I’m still not use to a project-based approach. What’s the opposite approach of a project-based approach? If somebody can help me out, I would appreciate it.


il mio lavoro di insegnante si svolge completamente in laboratorio perciò ho sempre dato molta importanza all’apprendimento per progetti. Fino a circa 8 anni fa insegnavo a studenti dai 16 ai 19 anni e le mie discipline vertevano su applicazioni informatiche alla matematica e alla statistica, perciò i progetti che proponevo erano sempre molto teorici, perchè un obiettivo dì quelle discipline era conoscere i diversi modelli matematici e i vari metodi statistici.
Ora insegno a studenti di 14-15 anni e la mia disciplina è Tecnologie Informatiche. Questo mi lascia molta più libertà di insegnamento.
Lavoro da subito sull’analisi di problemi, a partire da quelli più semplici della vita quotidiana, così da far riflettere i ragazzi sui meccanismi che già inconsapevolmente mettono in atto quando si trovano ad affrontare una situazione problematica, e gradualmente li avvicino alla progettazione. Ma, da quello che ho sentito dire a Mitch nel video, sarebbe meglio cominciare fin da subito a realizzare progetti … questo è qualcosa su cui devo certamente riflettere … mi chiedo se non sia importante lavorare anche sulla consapevolezza e sull’intenzionalità nel realizzare un progetto … crescendo, forse ci si può anche fermare a riflettere prima di agire, o no? Imagine is less than project? IMAGINE, PROJECT, CREATE …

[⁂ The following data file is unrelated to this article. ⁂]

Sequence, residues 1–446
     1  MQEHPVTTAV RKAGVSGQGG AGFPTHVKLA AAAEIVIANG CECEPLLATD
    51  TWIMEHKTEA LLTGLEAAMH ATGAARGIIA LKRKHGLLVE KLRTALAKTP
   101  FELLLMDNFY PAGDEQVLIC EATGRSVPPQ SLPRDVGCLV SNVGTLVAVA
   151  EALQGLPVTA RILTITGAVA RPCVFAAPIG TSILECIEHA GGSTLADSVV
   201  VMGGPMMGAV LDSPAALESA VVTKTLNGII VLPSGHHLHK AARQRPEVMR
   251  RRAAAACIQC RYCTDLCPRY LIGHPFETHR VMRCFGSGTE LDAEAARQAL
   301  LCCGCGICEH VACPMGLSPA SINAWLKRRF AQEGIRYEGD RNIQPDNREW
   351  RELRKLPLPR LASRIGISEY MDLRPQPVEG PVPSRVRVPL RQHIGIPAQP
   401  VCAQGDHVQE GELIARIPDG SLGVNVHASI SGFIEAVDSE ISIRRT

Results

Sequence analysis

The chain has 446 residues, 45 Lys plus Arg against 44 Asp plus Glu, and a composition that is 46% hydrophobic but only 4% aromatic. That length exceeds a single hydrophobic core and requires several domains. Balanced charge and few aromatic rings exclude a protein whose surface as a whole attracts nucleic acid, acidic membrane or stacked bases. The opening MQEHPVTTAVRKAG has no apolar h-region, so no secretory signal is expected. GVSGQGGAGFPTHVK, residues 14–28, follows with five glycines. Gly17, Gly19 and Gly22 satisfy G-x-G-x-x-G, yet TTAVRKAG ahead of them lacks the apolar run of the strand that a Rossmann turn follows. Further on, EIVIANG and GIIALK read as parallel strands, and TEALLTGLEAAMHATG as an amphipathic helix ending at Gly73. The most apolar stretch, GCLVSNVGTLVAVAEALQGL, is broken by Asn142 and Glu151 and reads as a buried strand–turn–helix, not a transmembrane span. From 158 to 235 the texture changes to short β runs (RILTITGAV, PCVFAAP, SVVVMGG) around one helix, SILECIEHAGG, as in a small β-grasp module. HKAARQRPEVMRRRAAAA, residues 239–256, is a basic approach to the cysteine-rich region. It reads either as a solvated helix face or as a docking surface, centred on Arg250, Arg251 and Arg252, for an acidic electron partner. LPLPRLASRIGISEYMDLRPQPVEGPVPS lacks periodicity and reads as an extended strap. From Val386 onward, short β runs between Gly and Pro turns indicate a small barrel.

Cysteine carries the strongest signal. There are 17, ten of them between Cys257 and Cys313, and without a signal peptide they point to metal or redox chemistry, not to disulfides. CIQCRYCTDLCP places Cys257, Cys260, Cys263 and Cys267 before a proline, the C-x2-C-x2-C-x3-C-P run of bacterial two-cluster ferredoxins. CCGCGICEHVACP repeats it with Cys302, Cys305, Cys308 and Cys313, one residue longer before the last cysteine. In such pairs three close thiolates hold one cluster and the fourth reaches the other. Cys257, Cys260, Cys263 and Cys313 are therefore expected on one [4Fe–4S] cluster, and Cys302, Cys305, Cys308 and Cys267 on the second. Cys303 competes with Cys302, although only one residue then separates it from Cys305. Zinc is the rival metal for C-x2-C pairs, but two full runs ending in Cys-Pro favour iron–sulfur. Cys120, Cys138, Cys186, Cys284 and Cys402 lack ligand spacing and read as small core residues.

Progettare significa anche costruire dei modelli che poi possono essere perfezionati … a me piace molto modellizzare!
Ogni anno lavoro molto con scratch e l’anno scorso un nostro progetto è stato anche vincitore di un importante premio. Quest’anno ho scoperto però un nuovo strumento, micro:bit, che mi permetterà ancor più di lavorare per progetti, dapprima molto semplici, poi via via più complessi, fino ad organizzare la rilevazione di dati ambientali durante un’uscita didattica in montagna e la loro elaborazione.